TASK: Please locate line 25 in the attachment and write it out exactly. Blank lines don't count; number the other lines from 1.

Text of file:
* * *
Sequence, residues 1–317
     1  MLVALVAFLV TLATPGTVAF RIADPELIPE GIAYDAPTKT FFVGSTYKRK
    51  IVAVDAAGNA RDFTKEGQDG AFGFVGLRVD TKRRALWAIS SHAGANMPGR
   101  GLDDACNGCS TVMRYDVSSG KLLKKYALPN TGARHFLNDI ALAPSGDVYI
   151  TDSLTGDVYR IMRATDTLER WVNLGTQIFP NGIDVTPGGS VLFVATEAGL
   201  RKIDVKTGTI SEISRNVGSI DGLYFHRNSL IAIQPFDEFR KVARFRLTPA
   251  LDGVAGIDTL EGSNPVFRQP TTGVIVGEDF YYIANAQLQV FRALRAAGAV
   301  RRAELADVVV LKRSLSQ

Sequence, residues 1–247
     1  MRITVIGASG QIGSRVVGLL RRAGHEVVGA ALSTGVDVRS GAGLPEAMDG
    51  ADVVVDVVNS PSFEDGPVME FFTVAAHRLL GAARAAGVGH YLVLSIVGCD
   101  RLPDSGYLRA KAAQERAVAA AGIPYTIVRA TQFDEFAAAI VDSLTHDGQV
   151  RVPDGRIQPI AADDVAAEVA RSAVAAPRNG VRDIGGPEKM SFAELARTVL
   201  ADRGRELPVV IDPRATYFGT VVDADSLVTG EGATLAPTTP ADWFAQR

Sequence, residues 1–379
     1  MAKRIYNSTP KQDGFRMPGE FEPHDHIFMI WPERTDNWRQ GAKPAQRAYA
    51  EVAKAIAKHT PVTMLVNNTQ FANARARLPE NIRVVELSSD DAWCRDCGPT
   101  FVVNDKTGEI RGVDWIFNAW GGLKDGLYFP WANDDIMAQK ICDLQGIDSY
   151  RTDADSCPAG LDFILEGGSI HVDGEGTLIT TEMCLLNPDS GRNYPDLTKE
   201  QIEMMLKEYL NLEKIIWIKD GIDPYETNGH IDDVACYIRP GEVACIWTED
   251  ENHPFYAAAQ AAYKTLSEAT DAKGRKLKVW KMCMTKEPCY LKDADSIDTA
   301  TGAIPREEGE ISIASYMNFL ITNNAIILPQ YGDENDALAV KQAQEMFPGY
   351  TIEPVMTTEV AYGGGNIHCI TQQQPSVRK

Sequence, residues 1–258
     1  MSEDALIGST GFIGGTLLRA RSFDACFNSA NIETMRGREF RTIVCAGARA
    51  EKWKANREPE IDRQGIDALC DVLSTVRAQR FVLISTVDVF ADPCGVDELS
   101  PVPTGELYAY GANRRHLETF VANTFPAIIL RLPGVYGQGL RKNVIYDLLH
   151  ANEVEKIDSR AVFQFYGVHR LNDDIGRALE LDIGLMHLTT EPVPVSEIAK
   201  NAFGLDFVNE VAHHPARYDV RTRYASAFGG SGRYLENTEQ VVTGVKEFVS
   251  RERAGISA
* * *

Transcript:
     1  MSEDALIGST GFIGGTLLRA RSFDACFNSA NIETMRGREF RTIVCAGARA